Biometrics are increasingly replacing traditional security options, such as usernames, passwords, single-use tokens, and dual-factor authentication. Some mobile phones come with iris scanners, residential door locks feature fingerprint reading technology, and MasterCard is working on a mobile pay system that uses heartbeat data. The writing is on the wall — biometrics are the way forward. But, are they safe? The answer is a mix. Here’s a look at the some of the biggest risks associated with biometrics at the moment.
Certain Physical Elements Change Over Time
Over time, some body parts are especially prone to change. For instance, your face changes a lot in your life; even small changes in your appearance can confuse facial recognition algorithms. Instead of facial recognition, focus on biometrics that are relatively consistent such as ears, fingerprints, and even gaits.
Biometrics Are Inherently Public
A traditional password is stored in your memory or written down on a piece of paper in a desk drawer, and those locations are inherently private. In contrast, biometrics are inherently public. People can see your face, ears, and gait, and they can pretty easily take a video of these elements. They can even lift your fingerprints off something you touch. You can’t change the public nature of biometrics, so you have to focus on other security elements that help to make spoofing harder.
Spoofing Can Compromise Security
Spoofing is when someone makes a copy of a biometric element to confuse a security system. Four years ago, the media was aghast when a hacker lifted the fingerprints of Germany’s defense minister from press release photographs and photographs the hacker took from three meters away. Now, a quick internet search yields countless videos and instructional sites on how to replicate that hack at home.
Fingerprints are not only at risk. Clever hackers can take a picture of someone’s iris, print it on a contact lens, and fool an iris scanner. On top of that, most facial recognition software can’t tell the difference between a photo or video of someone’s face and the real thing. Although developers are working on programs that detect life, the technology still isn’t there. Before you embrace biometrics in your financial institution, you may want to wait for the industry to develop stronger safeguards against spoofing.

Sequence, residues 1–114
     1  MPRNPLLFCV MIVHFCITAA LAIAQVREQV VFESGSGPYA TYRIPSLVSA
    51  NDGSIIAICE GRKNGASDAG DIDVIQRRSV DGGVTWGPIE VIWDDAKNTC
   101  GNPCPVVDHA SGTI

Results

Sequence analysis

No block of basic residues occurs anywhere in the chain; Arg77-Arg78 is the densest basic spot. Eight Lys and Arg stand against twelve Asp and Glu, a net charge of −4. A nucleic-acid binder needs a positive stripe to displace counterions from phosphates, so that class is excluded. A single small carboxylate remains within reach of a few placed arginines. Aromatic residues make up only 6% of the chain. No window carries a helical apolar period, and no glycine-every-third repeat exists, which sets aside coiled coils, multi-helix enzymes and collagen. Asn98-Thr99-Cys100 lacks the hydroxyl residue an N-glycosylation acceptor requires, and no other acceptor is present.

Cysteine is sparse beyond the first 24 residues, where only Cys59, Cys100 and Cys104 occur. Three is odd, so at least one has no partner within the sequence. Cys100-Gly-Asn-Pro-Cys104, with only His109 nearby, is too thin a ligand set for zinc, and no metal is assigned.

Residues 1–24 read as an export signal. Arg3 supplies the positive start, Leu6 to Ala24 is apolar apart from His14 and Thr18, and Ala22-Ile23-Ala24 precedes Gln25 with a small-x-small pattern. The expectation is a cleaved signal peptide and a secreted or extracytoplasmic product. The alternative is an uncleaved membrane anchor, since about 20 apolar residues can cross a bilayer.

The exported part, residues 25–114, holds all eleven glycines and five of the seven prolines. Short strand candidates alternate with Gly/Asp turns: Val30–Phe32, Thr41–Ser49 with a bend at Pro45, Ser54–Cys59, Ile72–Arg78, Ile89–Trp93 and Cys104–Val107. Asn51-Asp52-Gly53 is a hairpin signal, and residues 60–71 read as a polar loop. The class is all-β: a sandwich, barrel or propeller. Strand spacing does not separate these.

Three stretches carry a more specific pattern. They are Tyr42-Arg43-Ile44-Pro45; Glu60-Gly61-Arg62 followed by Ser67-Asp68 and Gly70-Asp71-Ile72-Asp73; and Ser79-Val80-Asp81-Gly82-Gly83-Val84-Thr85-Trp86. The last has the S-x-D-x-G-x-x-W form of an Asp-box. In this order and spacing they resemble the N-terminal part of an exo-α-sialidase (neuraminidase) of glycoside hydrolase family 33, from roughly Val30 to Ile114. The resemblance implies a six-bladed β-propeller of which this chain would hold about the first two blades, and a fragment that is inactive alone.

You Can’t Change Your Biometrics
Although some biometrics change naturally over time, you can’t change your biometrics like you can passwords and usernames. If someone steals an image of your ear, for example, you can’t just get a new one. Even if you shift to another body part when one is compromised, there’s a limited supply of options.
Hackers May Be Able to Bypass Biometric Security
In some cases, the biometrics themselves aren’t the most vulnerable part of the set up. Instead, the technology underscoring the biometrics are subject to hacking. For instance, a competent hacker can remove the biometric match requirement. Then, depending on the set-up, they can proceed into the account without providing any additional information, or they just need to enter a username and password like usual.
To prevent this from happening, it helps to ensure that the software breaks down the biometric elements, encrypts each piece, and stores each element in a separate spot. Techniques like that make it harder for scammers to bypass the biometric components.
Scammers tend to focus on the points of least resistance, and at the moment, it’s typically a lot easier to find, buy, or phish for usernames and passwords than it is to hack biometrics. However, as the marketplace shifts to using more and more biometrics, scammers will learn how to bypass those security elements.
Whether you’re using biometrics now, thinking about using them in the future, or just waiting to see what will evolve, you need a security partner who is as nimble and informed of security changes as the scammers are — that’s where we come in. To learn more, contact SQN Banking Systems today.